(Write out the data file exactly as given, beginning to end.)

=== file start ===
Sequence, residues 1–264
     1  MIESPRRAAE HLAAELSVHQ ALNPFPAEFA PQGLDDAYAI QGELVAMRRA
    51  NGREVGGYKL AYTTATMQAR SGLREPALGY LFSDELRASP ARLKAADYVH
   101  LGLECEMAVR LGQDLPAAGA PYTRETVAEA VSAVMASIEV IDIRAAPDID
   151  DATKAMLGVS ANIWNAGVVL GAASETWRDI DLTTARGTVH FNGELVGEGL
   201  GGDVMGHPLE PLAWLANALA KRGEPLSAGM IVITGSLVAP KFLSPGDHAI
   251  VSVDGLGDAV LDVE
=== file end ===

Sequence, residues 1–264
     1  MIESPRRAAE HLAAELSVHQ ALNPFPAEFA PQGLDDAYAI QGELVAMRRA
    51  NGREVGGYKL AYTTATMQAR SGLREPALGY LFSDELRASP ARLKAADYVH
   101  LGLECEMAVR LGQDLPAAGA PYTRETVAEA VSAVMASIEV IDIRAAPDID
   151  DATKAMLGVS ANIWNAGVVL GAASETWRDI DLTTARGTVH FNGELVGEGL
   201  GGDVMGHPLE PLAWLANALA KRGEPLSAGM IVITGSLVAP KFLSPGDHAI
   251  VSVDGLGDAV LDVE